5. British weather must be a lot like the weather in Massachusetts, which is pretty crummy much of the time and can fluctuate 20 degrees within hours. Bostonians love to say, "If you don't like the weather in Boston, just wait a minute."

    ReplyDelete
  6. The other day I actually bought a jumper when I was out and the weather changed so drastically-it had started off all sunny. Really depressing. Hope we have a warm winter.

    ReplyDelete
  7. Heh... after nearly 6 years here, I now understand the weather obsession :) In fact I find myself talking about it too... this year especially, a sunny day IS something to talk about, it's been that rare! :) Still, I prefer the rain to the sweltering summer we had last year. My hayfever went absolutely haywire!

    ReplyDelete
  8. if we didn't complain about the weather then we would have nothing better to do :)

    Although a few day's of sunshine would be bliss ... i'm looking forward to the beautiful Indian summer the weatherman keeps promising next month!

    ReplyDelete
  9. 30:
    I never got it too, till I moved to Down Under - weather is a perpetual topic of conversation - esply in Wlg, where you can and do have four seasons in one day...

    ReplyDelete
  10. They say Seattle weather is very similar, and it is true that winters become fairly dreary here. The trick is to work in an office without a window. The weather then is everything you can imagine it to be :-)

    ReplyDelete
  11. I too understood the obsession with weather only when I moved to the US. In Chennai it was hot hotter hottest...and here - my god so many changes even within a single day!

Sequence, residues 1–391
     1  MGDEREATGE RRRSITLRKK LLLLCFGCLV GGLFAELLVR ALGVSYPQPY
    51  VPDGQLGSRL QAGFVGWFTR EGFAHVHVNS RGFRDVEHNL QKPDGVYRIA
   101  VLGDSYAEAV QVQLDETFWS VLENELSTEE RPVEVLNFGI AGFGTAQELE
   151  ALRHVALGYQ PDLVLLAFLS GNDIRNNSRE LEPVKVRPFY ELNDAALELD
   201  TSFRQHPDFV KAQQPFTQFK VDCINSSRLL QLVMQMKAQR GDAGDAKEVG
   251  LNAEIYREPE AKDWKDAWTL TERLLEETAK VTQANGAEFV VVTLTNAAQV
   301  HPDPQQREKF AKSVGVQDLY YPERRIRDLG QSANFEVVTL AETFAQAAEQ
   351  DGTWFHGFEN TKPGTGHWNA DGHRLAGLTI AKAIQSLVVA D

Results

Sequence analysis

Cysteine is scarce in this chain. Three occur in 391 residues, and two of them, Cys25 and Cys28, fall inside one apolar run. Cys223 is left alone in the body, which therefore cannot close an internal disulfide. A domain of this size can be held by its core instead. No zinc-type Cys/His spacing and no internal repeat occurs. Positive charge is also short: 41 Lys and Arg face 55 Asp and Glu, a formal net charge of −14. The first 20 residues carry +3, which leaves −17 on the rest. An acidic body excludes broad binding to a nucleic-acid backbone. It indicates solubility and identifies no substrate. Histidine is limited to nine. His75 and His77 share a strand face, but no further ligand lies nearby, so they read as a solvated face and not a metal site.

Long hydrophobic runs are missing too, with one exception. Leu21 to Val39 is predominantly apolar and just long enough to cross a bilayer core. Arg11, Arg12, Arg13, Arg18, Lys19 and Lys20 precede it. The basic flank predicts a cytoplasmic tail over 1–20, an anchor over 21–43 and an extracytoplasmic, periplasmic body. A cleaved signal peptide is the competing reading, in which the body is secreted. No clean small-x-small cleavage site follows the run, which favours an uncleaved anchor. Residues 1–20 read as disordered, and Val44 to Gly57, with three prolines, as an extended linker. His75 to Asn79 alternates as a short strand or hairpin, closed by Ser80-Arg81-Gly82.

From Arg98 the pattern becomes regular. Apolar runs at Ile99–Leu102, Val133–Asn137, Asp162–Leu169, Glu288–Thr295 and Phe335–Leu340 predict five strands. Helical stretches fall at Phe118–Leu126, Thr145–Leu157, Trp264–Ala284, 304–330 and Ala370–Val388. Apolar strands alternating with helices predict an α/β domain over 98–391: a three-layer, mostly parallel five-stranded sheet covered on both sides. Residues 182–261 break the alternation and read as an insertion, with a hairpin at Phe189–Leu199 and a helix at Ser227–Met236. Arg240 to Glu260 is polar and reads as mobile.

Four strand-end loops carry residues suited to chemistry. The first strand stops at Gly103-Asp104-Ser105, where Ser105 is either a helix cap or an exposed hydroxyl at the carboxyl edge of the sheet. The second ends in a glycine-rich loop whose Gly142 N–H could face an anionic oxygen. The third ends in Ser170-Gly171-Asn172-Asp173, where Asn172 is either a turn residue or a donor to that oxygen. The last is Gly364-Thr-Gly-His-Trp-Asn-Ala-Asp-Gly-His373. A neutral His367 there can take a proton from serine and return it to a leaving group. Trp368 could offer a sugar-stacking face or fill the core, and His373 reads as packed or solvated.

Nice post!

    ReplyDelete
  12. I am with shyam on this one.. I hate the sunny weather this week, because my hayfever gets aggravated.. bring the clouds on, if you ask me !!

    ReplyDelete
  13. I've been reduced to leaving a cardigan at work (even in 'summer'). Certainly don't want to be caught if it rains suddenly (hah!) or if there's hail (happened in May!).

    My trusty umbrella stays in my purse. On sunny days, it's really odd to walk around with fewer layers - it feels...exposed.

    ReplyDelete
  14. Haha! This could have been written about Alberta! Having been born and raised here, there is a part of me that actually looks forward to September, when fashion trends start looking to boots and wools skirts and cozy scarves and fashionable overcoats. Hovever, by November the thrill is gone as all anyone ever sees of you from then until March is actually the outer layer of extremely warm overcoat, scarves and hats. The "looking fashionable while staying warm" doesn't work here, it's too cold. Maybe New York. Or Atlanta. :-)

    You've got a start on layering--don't give up hope. You'll probably grasp it some day! (I still have trouble judging, and I've been living here for 30 years next Friday!)

    ReplyDelete
  15. Anonymous7:09 AM

    these days i venture out with warm jackets, an umbrella and sunglasses for my kids! never know what the weather will chnage into after 15 min.

    --another londonwaali

    ReplyDelete
  16. Iz: Yes, with time and help I shall be the prettiest, most stylish Onion this side of the English Channel

    40in2006: No way Jose!

    Pea: Always gives us something to talk about. Sadly I also think about it a lot.

    Sinusoidally: hmmm

    Jennifer: I have oft been told "If you don't like the weather in England, move" !?

    MumbaiGirl: The only good part about that is an addition to the wardrobe is usually a welcome thing - even if unplanned. As for winter being warm, what is the bet it'll be freezing?

    Shyam: Strangely I now prefer sweltering heat to dripping rain. I would prefer rain if it did so properly, with thunder lighting etc

    San: I have plenty better to do thank you very much! This is next month and look out the window, the weatherman is lying..

    Kiwilax: Here it seems to be just the one seasons this year: wet. As Indians are known to say: I feel for you!

    Parth: I sit by a window in an all window office - no choice there. Also my imagination aint that good!

    Noon: Thankyou

    SilentONe: Thankfully I have no hayfever so the heat suits me just fine!!

    MW: I leave a shwal at work year round to deal with sudden dreary-ness. I don't have layers so I don't feel what you do. I just feel stupid instead!

    Scrapqueen: I shall keep trying - that will be the test of Britishness if ever I (gasp) apply for a Brit passport.... And, Happy birthday....

    Anon Londonwali: Always best to be prepared!

    ReplyDelete